Air pollution is one of the most pressing global challenges that affects lives worldwide. In many countries, severe air pollution is still one of the most crucial burdens of economic development (Jayachandran 2009, Greenstone and Hanna 2014, Chen et al. 2013, Greenstone and Jack 2015, Jack 2017, Ito and Zhang 2020, Khanna et al. 2021, Neidell et al. 2022, Gao et al. 2022, Berkouwer and Dean 2022). Previous studies have linked air pollution with negative health outcomes, such as low fertility rates and increased mortality.
A fundamental challenge in curbing air pollution is its transboundary nature. International organisations including the World Bank recognise the international spillover effects of air pollution as a first-order problem (World Bank 2022). However, the economics literature has not incorporated this spillover effect when evaluating the cost of air pollution and the benefit of environmental regulation. For example, the benefits of recent ambitious environmental policies in China and India may have a substantial impact on environmental quality in the surrounding countries, but these spillovers are not typically considered while evaluating these policies.
In our paper, we study the international spillover effects of air pollution and examine the extent to which conventional economic analysis would understate the cost of air pollution as well as the benefit of environmental regulation (Heo, Ito and Kotamarthi 2023). Our framework integrates recent advances in atmospheric science into econometric estimation and microdata on mortality and health. We use the Hybrid Single-Particle Lagrangian Integrated Trajectory model (HYSPLIT) to obtain data on hourly particle trajectories from China to South Korea. Combining these particle trajectory data with hourly PM2.5 data in China and Korea, we estimate how the transboundary PM2.5 from China affects PM2.5 in South Korea. We then connect these data with the universe of individual-level mortality data and emergency-department-visit data in South Korea to quantify the mortality and health impacts of transboundary air pollution.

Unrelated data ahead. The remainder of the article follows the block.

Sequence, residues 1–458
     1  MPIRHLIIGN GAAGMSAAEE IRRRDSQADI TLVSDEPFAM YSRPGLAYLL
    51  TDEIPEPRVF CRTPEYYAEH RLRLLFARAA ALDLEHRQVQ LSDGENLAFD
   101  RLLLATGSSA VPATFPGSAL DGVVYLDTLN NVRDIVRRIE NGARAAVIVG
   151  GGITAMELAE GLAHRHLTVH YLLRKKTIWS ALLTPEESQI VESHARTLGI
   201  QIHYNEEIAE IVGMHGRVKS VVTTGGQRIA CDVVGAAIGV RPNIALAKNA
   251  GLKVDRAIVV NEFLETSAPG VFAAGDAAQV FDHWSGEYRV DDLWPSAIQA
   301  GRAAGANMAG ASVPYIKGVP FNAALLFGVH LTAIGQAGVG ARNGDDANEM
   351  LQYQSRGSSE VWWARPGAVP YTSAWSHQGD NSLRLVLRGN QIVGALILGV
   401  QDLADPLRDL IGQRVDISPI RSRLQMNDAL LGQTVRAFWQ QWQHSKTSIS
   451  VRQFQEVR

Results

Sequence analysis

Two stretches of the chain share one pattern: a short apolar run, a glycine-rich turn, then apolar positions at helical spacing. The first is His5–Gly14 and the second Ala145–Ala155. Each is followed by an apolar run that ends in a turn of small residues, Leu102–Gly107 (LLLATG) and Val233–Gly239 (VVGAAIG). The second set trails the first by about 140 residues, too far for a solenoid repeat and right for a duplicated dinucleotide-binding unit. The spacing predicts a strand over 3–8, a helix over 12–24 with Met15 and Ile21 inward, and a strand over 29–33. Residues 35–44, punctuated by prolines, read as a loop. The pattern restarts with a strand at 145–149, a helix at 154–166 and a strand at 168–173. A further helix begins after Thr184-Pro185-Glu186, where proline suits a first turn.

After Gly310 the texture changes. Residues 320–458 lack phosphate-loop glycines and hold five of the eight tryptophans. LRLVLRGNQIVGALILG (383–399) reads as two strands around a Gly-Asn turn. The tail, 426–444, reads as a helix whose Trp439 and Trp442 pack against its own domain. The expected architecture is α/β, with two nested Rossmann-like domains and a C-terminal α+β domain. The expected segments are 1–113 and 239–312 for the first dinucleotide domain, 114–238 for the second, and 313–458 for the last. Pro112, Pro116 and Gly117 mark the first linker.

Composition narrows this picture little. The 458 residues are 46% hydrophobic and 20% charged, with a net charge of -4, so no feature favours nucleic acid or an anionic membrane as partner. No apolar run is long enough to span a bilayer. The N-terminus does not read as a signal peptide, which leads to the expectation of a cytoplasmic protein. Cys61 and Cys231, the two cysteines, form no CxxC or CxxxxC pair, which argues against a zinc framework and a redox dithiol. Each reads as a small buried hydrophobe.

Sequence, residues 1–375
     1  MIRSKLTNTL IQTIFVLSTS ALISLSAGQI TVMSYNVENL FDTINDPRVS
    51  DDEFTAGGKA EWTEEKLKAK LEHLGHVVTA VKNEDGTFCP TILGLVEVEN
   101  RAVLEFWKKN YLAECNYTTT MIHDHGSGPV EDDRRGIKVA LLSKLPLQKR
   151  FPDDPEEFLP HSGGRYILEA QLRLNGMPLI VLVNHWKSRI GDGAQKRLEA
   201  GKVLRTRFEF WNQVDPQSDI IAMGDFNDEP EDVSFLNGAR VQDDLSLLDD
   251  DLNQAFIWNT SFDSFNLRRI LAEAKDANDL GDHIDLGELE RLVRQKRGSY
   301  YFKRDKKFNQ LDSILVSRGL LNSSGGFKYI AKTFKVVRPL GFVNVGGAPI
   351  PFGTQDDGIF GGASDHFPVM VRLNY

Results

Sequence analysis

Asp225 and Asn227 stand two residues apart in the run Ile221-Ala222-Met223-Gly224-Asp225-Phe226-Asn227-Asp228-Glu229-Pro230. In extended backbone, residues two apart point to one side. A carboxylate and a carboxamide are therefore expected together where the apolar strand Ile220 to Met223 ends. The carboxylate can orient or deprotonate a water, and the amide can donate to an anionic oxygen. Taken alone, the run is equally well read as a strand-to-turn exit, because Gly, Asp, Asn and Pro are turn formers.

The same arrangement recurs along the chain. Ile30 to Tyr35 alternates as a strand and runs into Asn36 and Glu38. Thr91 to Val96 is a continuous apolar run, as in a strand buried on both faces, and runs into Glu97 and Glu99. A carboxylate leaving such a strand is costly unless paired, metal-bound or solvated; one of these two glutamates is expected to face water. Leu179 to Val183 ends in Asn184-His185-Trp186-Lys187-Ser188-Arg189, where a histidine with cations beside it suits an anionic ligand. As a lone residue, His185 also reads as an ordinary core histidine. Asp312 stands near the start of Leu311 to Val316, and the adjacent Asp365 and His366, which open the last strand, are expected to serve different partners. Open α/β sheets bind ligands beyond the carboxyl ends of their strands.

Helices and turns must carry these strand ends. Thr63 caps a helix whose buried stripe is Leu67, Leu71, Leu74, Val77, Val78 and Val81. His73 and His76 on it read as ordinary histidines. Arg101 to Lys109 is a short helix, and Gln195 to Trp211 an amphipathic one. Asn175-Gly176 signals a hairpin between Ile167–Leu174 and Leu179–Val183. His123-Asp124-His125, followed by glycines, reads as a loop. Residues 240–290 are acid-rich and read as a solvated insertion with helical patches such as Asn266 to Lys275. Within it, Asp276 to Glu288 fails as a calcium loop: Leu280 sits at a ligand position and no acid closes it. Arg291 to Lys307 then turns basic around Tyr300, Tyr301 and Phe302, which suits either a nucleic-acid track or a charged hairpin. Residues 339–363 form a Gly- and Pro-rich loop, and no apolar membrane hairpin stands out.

Geographical characteristics of South Korea and China
In East Asia, autumn and winter are characterised by prevailing west winds (‘the Westerlies’), which mean that South Korea receives persistent west winds from China. In these seasons, we find that PM2.5 is substantially higher in the northwest region of South Korea than in the southeast region. By contrast, these regions have similar PM2.5 levels in spring and summer.
We use HYSPLIT to quantitatively confirm this relationship by simulating hourly backward trajectories from China to South Korea. The northwestern cities in South Korea, such as Incheon and Seoul, have trajectories coming from China more than half of the time in our sample period. By contrast, cities in the southeast, such as Busan, experience trajectories from China at a lower frequency.
Figure 1 PM2.5 in China and South Korea
Figure 2 Examples of backward trajectories
Notes: This figure shows three examples of the backward trajectories obtained from HYSPLIT. For example, the green trajectory came from northern China, passed through Beijing, and reached Seoul at 11 pm on 14 January 2016.
Figure 3 Frequency of trajectories coming from China
What are the international spillover effects of air pollution?
We statistically estimate this relationship by regressing the hourly PM2.5 in South Korean cities on the hourly transboundary PM2.5 from China to each city. We find that, on average, a 1 μg/m3 increase in transboundary PM2.5 from China results in a 0.122 μg/m3 increase in PM2.5 in South Korean cities. Combining these data with the universe of individual-level mortality data, we estimate the mortality impact of transboundary air pollution. Our estimates indicate that a 1 μg/m3 increase in transboundary PM2.5 from China in the past 70 days results in an increase in annual mortality in South Korea by 31.2 per million people, which is a 0.6% increase in mortality relative to the baseline mortality rate for this population.
Figure 4 Scatter plot of PM2.5 in South Korea and transboundary PM2.5 from China
Panel A) Raw data
Panel B) Residuals
Figure 5 Weekly lagged effects of the transboundary air pollution on mortality
In addition to the mortality impact on the overall population, we also estimate the impact on the elderly and infants, and those with respiratory and cardiovascular diseases as the cause of death. The marginal effect on mortality is higher for infants and those with respiratory and cardiovascular diseases as the cause of death. Our analysis also suggests that both the contemporaneous and lagged transboundary PM2.5 affect mortality, although the lagged effects diminish after 70 days.